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 Table of Contents  
LETTER TO EDITOR
Year : 2015  |  Volume : 3  |  Issue : 2  |  Page : 357-358

Importance of prevention of noise production in Dental College


Department of Oral Medicine and Radiology, Yenepoya Dental College and Hospital, Yenepoya Research Centre, Yenepoya University, Mangalore, Karnataka, India

Date of Web Publication16-Dec-2015

Correspondence Address:
Vagish Kumar Laxman Shanbhag
Department of Oral Medicine and Radiology, Yenepoya Dental College and Hospital, Yenepoya Research Centre, Yenepoya University, Mangalore - 575 018, Karnataka
India
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Source of Support: None, Conflict of Interest: None


DOI: 10.4103/2321-4848.171951

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How to cite this article:
Shanbhag VL. Importance of prevention of noise production in Dental College. Arch Med Health Sci 2015;3:357-8

How to cite this URL:
Shanbhag VL. Importance of prevention of noise production in Dental College. Arch Med Health Sci [serial online] 2015 [cited 2019 Jun 17];3:357-8. Available from: http://www.amhsjournal.org/text.asp?2015/3/2/357/171951

Sir,

Dental professionals are exposed to high noise levels either in dental colleges and/or private clinic for extended period regularly which is of significant concern. [1],[2],[3] The danger to hearing from the dental-clinic working environment in dental colleges cannot be underestimated. Also the amount of noise exposure the dental specialists receive either prior to their postgraduate specialty training or in their office environment should be considered. [4] Work-related hearing loss continues to be a critical safety and healthcare issue. Hearing loss has adverse impact on quality of life. Indeed, the National Institute of Occupational Safety and Health (NIOSH) included occupational hearing loss in the list of priority areas for research. Occupational Safety and Health Administration (OSHA) has reported the daily permissible noise level of 85 decibels for 8 hours of continual exposure. [1],[3]

The sources of dental sounds that can pose as a potential hazard to hearing system of dentists and patients include high-speed turbine hand pieces; low-speed hand pieces; contra-angle hand piece; two-way syringe; high-velocity suction; ultrasonic instruments and cleaners; vibrators; mixing devices such as amalgamators, stone mixers; polishing and lathe instruments; cutting and vibrating instruments; and model trimmers. [1],[3] Prolonged acoustic noise is harmful and can cause noise-induced hearing loss (NIHL) which intensifies during life. NIHL may be undetected for years since it is estimated that individuals lose about 28% of hearing before becoming aware of this problem. Initial complaints include tinnitus, minimal degree of high frequency sensorineural loss which can be dismissed as a temporary phenomenon or as minimal in degree as to cause no significant alteration in communicative function. [4],[5] Dentists experience high frequency hearing loss at the beginning in the 4000 Hz to 6000 Hz range. Right-handed dentists exhibit greater hearing loss in the left ear. [4] Dental college set-up had been proven in various studies to be noisier than private clinics. [1],[4],[6] Lecturers, students, technicians spending in prosthesis laboratory have risk of loss of hearing over several years of regular noise exposure. [4],[6] In dental laboratories where all work is carried out by several students and technicians simultaneously in a single, medium sized room, higher noise levels are produced. [1],[7]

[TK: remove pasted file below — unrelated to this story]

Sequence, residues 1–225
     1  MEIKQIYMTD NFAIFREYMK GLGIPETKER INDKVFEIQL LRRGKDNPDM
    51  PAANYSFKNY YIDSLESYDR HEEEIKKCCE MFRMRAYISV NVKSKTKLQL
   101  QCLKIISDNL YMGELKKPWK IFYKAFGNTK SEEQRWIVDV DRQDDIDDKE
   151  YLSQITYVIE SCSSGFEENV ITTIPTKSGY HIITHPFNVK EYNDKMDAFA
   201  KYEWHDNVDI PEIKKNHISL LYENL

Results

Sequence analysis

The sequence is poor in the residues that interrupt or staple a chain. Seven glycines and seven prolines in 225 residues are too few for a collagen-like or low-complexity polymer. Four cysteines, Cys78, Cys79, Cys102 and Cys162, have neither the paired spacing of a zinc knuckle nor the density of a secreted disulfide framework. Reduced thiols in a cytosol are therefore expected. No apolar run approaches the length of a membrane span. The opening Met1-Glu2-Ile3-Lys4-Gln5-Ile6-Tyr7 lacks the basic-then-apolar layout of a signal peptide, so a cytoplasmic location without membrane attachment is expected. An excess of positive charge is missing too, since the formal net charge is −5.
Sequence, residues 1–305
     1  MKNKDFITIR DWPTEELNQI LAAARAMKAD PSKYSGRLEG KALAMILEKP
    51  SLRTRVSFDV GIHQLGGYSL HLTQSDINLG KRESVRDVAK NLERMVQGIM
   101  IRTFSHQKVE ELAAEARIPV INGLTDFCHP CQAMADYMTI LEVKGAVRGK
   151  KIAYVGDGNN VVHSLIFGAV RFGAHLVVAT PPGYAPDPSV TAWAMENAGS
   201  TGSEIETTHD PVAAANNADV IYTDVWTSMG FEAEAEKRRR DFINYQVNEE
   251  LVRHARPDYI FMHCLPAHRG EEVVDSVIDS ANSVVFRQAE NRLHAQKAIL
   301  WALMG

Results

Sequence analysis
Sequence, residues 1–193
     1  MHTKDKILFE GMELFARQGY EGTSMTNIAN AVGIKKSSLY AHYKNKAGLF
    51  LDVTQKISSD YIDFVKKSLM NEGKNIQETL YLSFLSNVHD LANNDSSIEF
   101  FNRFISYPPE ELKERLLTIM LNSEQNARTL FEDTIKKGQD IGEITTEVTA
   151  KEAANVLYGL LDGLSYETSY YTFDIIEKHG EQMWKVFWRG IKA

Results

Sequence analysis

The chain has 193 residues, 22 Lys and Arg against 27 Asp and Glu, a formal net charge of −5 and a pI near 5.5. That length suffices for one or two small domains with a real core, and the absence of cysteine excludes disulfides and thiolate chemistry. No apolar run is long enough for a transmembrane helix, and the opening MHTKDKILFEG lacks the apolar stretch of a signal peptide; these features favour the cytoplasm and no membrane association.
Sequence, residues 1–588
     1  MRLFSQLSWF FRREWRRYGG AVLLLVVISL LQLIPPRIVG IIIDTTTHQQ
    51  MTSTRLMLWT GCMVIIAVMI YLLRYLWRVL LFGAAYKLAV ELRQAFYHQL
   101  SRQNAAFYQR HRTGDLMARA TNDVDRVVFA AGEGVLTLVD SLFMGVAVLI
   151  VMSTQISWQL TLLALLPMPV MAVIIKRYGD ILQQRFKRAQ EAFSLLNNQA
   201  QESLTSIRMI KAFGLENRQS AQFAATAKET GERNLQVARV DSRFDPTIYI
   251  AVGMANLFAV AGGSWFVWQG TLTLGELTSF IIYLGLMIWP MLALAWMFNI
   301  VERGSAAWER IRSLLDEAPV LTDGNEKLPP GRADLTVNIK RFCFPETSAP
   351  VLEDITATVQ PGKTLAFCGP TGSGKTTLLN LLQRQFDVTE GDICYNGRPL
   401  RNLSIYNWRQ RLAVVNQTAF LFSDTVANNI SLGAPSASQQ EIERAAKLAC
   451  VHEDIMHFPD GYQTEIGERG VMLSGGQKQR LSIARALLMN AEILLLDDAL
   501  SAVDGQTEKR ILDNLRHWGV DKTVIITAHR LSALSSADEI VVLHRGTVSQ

Clinical set-up and laboratories should have better sound absorbing material walls, sound proof acoustical ceiling, and restricted entry. [1] Acoustic shields, barrier walls, and partial or total enclosures of noise sources should be considered. Designing acoustics of the clinic to allow for filtering or absorbing noises from other sources is important and can include air conditioning and wooden paneling. Loud sounds from air conditioners and office music should be checked and minimized. [5] Newer equipments produce less noise when compared to old ones. [1],[7] High-speed equipments generally produce more noise than low speed instruments. [7] Contact of suction pump tip with mucosa should be avoided as it intensifies the noise. Also high-volume aspirator produces significantly higher noise level than low-volume aspirator. [7] So whenever possible new, low-speed devices and low-volume aspirator should be preferred. Reducing vibration by vibration-absorbing material and the use of silencers for air and gas flow is encouraged. Ultrasonic frequencies can also damage hearing due to the generation of subharmonics and thus hearing should be protected against these frequencies. The dentist should maintain a distance of 35 cm from his eye to the patient's mouth. [8] The instruments must be activated only when they are ready to be used. Better maintenance and regular servicing of equipments is helpful to minimize high noise production. Noise emission levels of new equipments should be assessed when purchasing it. Simultaneous working of more number of equipments and machinery together result in higher noise levels and should be avoided. It is therefore evident that ways and means of reducing the levels of sound in preclinical, clinical, and laboratory areas should be given some thought along with workers' education in order to protect against the harmful effects of noise. [1]